In its latest issue, German magazine Focus showed the famous armless classical statue now at the Louvre raising her middle finger under the headline “Cheats in the euro family” to suggest that Greece deliberately misled EU peers to cheat its way into the euro.
“Greeks are no crooks, we want the German government to condemn this most improper publication,” George Lakouritis, President of Greece’s Consumer Institute (INKA), told reporters.
INKA distributed leaflets in central Athens and in front of German-owned consumer electronics store Media Markt, urging Greeks to heed the boycott.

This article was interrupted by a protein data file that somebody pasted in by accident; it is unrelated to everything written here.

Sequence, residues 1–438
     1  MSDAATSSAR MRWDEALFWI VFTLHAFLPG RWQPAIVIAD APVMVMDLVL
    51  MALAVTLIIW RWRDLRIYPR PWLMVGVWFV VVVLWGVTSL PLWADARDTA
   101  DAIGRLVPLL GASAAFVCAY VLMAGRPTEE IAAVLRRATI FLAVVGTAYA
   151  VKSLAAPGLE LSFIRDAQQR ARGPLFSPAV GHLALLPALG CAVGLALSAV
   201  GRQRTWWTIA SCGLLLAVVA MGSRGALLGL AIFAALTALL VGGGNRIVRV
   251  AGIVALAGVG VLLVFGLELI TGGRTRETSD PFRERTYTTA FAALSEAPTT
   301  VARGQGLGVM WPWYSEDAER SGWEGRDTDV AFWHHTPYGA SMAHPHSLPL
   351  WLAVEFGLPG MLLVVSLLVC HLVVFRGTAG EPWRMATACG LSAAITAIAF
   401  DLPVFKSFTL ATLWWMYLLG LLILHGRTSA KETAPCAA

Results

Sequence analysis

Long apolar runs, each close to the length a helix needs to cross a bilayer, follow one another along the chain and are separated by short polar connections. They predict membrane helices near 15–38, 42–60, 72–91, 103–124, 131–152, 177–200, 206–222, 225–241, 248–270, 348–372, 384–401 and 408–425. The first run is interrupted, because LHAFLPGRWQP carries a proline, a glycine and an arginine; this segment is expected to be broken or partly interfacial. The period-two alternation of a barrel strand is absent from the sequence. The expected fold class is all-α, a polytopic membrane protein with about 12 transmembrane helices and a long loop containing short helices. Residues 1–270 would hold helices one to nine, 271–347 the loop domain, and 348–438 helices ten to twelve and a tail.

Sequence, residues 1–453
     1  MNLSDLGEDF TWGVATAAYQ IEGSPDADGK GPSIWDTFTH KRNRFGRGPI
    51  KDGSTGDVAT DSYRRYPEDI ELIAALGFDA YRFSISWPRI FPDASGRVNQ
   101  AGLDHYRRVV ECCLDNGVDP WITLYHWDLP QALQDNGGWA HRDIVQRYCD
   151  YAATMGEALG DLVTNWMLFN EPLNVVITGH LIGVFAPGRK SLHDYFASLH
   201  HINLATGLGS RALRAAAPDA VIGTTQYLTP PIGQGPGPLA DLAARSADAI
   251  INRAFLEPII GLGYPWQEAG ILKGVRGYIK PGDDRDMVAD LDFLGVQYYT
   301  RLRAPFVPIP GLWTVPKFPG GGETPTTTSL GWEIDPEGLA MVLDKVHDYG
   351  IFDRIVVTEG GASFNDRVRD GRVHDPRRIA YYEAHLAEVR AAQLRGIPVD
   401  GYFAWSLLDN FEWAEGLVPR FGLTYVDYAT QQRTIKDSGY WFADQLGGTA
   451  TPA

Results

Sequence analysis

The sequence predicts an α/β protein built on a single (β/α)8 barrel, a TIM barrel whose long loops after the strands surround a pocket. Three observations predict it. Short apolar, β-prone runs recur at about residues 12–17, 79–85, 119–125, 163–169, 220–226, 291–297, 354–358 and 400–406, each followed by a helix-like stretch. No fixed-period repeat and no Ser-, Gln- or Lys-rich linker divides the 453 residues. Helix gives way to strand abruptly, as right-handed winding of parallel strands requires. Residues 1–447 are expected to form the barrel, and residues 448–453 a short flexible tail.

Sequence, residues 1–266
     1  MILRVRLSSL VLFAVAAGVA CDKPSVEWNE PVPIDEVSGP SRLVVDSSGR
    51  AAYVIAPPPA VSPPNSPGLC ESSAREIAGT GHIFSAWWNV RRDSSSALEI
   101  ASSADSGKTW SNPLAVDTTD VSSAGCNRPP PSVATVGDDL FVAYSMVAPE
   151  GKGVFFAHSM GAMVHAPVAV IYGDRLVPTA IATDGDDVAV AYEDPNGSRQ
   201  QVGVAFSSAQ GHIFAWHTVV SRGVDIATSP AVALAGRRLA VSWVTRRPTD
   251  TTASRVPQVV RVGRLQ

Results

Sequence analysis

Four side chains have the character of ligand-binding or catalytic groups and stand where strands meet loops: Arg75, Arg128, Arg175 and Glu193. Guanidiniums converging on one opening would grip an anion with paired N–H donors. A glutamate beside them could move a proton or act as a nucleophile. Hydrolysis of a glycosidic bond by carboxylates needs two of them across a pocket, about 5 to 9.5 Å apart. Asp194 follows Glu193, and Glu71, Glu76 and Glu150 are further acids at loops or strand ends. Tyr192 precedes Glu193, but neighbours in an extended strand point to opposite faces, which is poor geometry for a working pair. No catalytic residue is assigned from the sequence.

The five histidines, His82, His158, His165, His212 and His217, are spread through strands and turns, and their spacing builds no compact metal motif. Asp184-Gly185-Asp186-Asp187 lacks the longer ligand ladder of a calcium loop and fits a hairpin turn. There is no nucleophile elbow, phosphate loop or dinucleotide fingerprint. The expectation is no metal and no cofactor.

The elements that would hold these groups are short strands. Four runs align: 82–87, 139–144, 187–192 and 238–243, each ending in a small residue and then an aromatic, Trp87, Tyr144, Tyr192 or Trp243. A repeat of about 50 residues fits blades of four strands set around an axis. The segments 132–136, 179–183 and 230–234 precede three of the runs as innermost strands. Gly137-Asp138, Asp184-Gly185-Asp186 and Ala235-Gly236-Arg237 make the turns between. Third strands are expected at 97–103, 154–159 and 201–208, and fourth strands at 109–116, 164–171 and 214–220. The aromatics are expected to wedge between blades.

“The falsification of a statue of Greek history, beauty and civilisation, from a time when there they were eating bananas on trees is impermissible and unforgivable,” INKA said.
The Venus cover has caused an outrage in Greece, which is seeking support from fellow EU countries such as Germany to cope with a debt crisis that threatens to destabilise the euro.
Chancellor Angela Merkel’s government has so far deflected appeals to promise aid to heavily indebted Greece. Opinion polls show that a majority of Germans oppose a bailout.
Germany’s ambassador to Greece, Wolfgang Schultheiss, has said he regretted that German press reports caused offense. “Germany is firmly on Greece’s side,” Schultheiss said after being summoned by Greece’s parliament speaker Filippos Petsalnikos.
“The ambassador’s statements were not satisfactory,” Lakouritis said. “If you have such friends, what do you need enemies for?” he said.